Military family members who gathered here recently to learn how to protect their identities were told to “think like a spy” in protecting their personal information.
John Sileo, an author and identity theft expert — himself a victim of identity theft — spoke at the Defense Department’s Joint Family Readiness Conference here, hosted by the Office of Military Community and Family Policy.
Sileo told the audience of the case of Albert Gonzalez, a Miami man who pleaded guilty last month in the largest-ever identity theft case, which involved hacking into data on 130 million credit and debit cards used at five major retail stores. The news was meant as a wake-up call.
“You guys have a one-in-two chance that this man, alone, has stolen your identity,” Sileo said. “One man.”
To protect their identities, Sileo’s first piece of advice was to think like a spy on requests for personal, identifying information.
“A spy is trained in stealing data, information, knowledge, intellectual capital. Unlike a thief who steals physical things,” Sileo said. “Not only is a spy trained in how to collect it, but how to protect it.”
To think like a spy requires some specific mindsets. The first is called the “privacy reflex,” he said. “Spies are trained immediately to have a reflex anytime somebody requests their personal information. They do this using a device called a trigger.”
Sileo calls the five triggers the “Hogwash 5” because when a solicitor says them, your response should be “hogwash.” They are: “trust me,” a claim of protecting finances, asking for a “little bit” more information and things Sileo calls “bribe bias and fear bias.”
“I’m going to give you something in exchange for your information,” Sileo said. “Now, that’s not identity theft, but it’s the same principle, which is, ‘I’m going to bribe you out of your information.’ The reverse is, ‘If you don’t do this, then I’ll take something away'” – the fear bias.
“The fifth [trigger] is the most common,” he added. “It’s the most subtle. Eighty percent of the time all they have to do is say, I just need a little bit more of your information. We’re so used to giving it away that that’s all they have to say.”
The second mindset of a spy involves interrogation, which Sileo describes as aggressive and systematic questioning. In other words, slow down the interaction and consider what’s being requested and why. If it’s a phone call allegedly from a bank claiming fraudulent activity and offering to close out the account, ask for verification.
Request only information the bank could produce like the date, amount and location of the last transaction.
“If it’s the bank, who is sitting at a computer, or a really good identity thief, they’ll have the answer. If not, you’ll hear your first excuse,” Sileo said. “Red flag number two. Any excuse is hogwash.”
That leads to mindset three: target the enemy.
Sileo suggests stopping the receipt of information the enemy seeks such as preapproved credit applications. Freezing credit, which requires people to provide a password before a new account can be opened in their name, also is a way to stop a would-be identity thief, he said.
Methods for reducing the chances of identity theft are plentiful, but they’re not foolproof. Keeping an eye on accounts and expedient investigation into any unusual activity can make all the difference, he said.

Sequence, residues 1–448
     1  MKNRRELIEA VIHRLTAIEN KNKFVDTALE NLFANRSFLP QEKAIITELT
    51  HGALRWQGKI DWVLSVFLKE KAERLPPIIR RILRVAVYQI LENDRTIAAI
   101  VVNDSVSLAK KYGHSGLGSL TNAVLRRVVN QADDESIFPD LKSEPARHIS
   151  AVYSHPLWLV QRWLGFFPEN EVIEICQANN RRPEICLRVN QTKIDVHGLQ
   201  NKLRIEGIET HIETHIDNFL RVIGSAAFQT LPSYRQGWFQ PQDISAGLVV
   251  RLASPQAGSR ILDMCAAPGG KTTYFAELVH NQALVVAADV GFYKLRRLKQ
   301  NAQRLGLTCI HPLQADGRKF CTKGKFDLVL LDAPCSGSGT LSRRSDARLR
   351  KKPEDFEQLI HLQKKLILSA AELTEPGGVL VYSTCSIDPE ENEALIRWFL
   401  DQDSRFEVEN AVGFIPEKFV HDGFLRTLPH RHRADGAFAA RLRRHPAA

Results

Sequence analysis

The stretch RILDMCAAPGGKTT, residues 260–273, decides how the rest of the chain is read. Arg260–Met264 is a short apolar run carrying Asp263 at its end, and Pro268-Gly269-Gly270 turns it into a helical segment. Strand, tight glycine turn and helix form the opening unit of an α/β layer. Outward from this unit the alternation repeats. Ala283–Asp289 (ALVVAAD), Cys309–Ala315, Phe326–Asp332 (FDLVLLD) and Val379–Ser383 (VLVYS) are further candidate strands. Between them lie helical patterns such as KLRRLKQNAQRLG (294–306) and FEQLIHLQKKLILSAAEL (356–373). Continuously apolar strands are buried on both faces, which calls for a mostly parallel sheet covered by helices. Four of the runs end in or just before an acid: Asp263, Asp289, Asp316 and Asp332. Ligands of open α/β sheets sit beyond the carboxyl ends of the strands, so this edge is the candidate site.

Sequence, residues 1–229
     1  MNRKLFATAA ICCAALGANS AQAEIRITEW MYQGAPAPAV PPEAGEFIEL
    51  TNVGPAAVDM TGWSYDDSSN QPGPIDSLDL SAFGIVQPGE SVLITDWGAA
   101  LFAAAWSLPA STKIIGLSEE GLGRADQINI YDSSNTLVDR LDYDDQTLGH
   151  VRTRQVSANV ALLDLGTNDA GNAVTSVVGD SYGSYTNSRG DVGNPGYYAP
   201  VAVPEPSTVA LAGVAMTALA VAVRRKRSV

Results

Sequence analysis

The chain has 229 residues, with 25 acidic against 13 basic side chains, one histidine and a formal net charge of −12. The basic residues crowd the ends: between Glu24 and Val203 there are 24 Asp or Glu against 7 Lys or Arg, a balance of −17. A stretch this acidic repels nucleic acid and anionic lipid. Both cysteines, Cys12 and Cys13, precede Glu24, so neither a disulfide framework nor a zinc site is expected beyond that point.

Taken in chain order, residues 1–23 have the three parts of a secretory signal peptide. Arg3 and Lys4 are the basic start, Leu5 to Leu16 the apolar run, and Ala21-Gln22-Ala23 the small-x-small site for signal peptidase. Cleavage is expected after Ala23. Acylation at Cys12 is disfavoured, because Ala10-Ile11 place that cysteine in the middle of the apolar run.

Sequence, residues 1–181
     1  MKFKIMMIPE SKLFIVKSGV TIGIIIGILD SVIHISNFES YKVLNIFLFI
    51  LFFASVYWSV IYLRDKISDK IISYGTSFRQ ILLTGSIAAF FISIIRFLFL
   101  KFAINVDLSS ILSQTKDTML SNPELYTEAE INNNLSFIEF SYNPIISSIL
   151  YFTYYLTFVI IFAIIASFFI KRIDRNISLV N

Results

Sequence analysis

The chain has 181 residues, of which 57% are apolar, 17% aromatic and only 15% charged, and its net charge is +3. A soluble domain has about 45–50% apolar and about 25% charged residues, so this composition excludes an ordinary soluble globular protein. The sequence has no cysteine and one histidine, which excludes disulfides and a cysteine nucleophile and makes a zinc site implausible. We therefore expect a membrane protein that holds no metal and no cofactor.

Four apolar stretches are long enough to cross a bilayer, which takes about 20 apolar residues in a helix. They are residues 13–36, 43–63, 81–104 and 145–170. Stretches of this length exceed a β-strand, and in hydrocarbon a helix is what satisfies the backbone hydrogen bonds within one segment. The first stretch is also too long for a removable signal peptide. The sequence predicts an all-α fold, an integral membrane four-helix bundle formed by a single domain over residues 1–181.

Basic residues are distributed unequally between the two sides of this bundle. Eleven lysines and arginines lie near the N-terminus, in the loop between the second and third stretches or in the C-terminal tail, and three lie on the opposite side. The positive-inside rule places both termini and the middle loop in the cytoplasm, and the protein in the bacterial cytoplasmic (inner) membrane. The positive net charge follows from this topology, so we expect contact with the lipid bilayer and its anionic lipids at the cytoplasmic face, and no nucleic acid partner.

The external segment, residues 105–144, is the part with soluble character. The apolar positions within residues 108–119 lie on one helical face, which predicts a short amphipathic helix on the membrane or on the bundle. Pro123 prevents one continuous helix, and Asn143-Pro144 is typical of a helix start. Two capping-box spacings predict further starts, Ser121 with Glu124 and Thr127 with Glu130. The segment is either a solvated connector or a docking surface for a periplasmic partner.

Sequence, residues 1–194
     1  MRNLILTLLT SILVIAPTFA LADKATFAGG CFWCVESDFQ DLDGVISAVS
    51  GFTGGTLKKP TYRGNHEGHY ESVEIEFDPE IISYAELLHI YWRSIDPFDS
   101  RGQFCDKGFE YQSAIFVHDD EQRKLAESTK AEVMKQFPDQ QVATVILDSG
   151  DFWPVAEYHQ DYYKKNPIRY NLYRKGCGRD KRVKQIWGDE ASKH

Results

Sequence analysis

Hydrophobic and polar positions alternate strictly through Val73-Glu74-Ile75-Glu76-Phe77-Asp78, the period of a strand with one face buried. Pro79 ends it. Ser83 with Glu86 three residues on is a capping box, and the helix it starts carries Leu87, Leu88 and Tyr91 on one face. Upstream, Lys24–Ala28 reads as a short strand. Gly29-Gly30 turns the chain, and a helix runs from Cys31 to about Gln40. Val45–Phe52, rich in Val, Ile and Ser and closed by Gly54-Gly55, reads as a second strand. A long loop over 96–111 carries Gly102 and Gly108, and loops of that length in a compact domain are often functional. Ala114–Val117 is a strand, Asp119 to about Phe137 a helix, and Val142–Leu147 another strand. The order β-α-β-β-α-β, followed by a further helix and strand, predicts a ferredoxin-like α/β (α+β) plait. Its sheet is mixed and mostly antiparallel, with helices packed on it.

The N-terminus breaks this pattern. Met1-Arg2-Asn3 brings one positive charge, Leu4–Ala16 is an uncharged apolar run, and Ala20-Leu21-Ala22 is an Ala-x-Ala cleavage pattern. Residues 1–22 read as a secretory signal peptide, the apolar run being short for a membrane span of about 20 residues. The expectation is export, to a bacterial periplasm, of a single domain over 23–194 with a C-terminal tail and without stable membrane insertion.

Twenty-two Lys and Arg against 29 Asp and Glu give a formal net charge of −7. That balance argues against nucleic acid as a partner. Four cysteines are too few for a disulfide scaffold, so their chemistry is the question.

“It’s that speed of catching identity theft — it’s not that we get rid of all of it,” Sileo said. “It’s that we monitor it and stop it.”
Sileo’s suggestions come from experience. His problems started when he walked into the bank where he’d done business for 15 years to open a new checking account in 2003. His request was denied because “your history’s bad.”
“That’s hogwash,” Sileo told the teller. “Things were fine when I was in this bank last.”
Hogwash or not, the teller told him, he’d conducted a lot of financial business — and become a woman — since he’d been in the bank last.
“The first time my identity was stolen it was by a crime ring called the Cashmen who dress up like your trash men … [who] collect the garbage off your curb, [and] take it back to a warehouse where they filter through it for your numbers, your identity,” Sileo said. “A woman … purchased my stolen identity on the Internet and used it to buy herself a second home in Cleveland, Ohio.”
Then she stopped making payments, defaulted on the loan and declared bankruptcy in his name, he said.
Two weeks later he’d straightened things out, though it had cost him that much time away from work and a firm suggestion from the bank teller to take some action to prevent a repeat. He chose to ignore the advice, which would prove to be a life-altering mistake.
“I’d paid my dues and lightening wasn’t going to strike twice,” he said. Until a few months later when there was a knock on his door.
“When I opened it, standing there was a gentleman – black suit, black tie, very official badge – who tells me … I’m about to be charged with a theft of $298,000,” he added.
Sileo was being charged with embezzling from his clients to pay for the $20,000 a month he’d supposedly spent on personal items.
Two years later, Sileo won a long, hard fight to prove his innocence – but the war wasn’t over.
“In the end, I didn’t lose my freedom. I did, however, lose my business — a 40-year-old business I’d taken over from my father — my salary, my career,” he said. “And I lost something so much more fundamental to my identity than any of that financial stuff. I lost two years with my family.”
Preventing identity theft doesn’t have to be difficult, but it does take some effort, Sileo said.
“You are in control of this amazingly powerful asset called your identity, but you have to be willing to protect the value of that asset,” he said. “If you won’t do it for yourselves, do it for your kids. In your case, do if for your country because we all need you [to be free to focus on the mission at hand, not reclaiming your identity].”